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The New Provisions For Multiple-Unit Housing In Single-Family Zones: The “End Of Single-Family Housing” Or Just Another Minimally Effective But Overcomplicated Effort To Address The Deficit Of Afforda

Related Attorneys: Karl Geier
Related Practices: Land Use & CEQA, Land Use - Entitlement, Land Use - Litigation, Land Use - Transactional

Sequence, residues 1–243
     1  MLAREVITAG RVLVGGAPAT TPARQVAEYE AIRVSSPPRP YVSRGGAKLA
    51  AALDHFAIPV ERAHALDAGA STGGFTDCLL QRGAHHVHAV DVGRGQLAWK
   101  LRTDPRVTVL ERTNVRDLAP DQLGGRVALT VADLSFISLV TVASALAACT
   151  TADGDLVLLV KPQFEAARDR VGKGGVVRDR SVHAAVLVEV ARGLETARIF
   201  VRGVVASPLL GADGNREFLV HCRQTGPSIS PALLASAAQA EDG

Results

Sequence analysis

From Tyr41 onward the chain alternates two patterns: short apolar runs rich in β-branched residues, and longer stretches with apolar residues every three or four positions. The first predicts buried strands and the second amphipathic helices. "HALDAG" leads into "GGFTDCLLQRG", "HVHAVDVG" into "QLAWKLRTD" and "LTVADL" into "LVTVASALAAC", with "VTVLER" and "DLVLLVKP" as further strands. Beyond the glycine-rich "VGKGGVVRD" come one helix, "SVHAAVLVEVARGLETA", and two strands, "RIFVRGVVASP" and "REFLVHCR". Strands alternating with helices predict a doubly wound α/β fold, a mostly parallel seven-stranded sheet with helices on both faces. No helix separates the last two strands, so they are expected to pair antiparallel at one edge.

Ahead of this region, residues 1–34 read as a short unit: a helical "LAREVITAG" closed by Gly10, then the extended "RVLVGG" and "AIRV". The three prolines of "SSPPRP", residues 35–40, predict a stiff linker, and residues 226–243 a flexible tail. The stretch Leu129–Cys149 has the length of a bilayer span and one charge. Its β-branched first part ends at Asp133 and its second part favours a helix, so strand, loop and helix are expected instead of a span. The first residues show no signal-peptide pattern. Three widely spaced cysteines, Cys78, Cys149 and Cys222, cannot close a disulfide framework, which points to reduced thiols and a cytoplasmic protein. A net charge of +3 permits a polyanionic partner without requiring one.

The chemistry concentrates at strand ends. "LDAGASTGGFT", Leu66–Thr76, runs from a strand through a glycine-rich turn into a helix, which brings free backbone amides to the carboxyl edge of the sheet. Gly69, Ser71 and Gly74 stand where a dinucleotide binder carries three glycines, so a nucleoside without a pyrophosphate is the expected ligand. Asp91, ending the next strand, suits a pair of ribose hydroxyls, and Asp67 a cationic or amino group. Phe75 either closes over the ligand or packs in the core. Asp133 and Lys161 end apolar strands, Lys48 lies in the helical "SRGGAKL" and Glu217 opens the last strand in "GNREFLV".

On September 16, 2021, Governor Newsom signed two bills that take effect on January 1, 2022, and are intended to foster more intensive residential development in existing single-family zoned areas. One of these, Senate Bill 9, requires a local government to allow construction of at least two dwelling units on each lot in an otherwise single-family zone, and to permit subdivision of such lots into two separate saleable parcels as of right, with each process required to be ministerial in nature, which effectively exempts such two-unit construction projects and “urban lot splits” from environmental review under the California Environmental Quality Act (CEQA). The other, Senate Bill 10, authorizes (but does not require) a local government to adopt a zoning ordinance that will allow up to 10 residential units on each parcel, if the property is in a “transit rich area” or an “urban infill site,” as defined. SB 10 also provides an express exemption from CEQA review for the adoption of the ordinance and an implicit exemption from CEQA review for the local agency’s approval of compliant projects with 10 or fewer residential units pursuant to such an ordinance. The two bills together are intended to address the shortage of affordable housing in California, and for that reason, both declare that they address a matter of statewide concern, not local concern, and are applicable to all cities and counties, including charter cities and counties.


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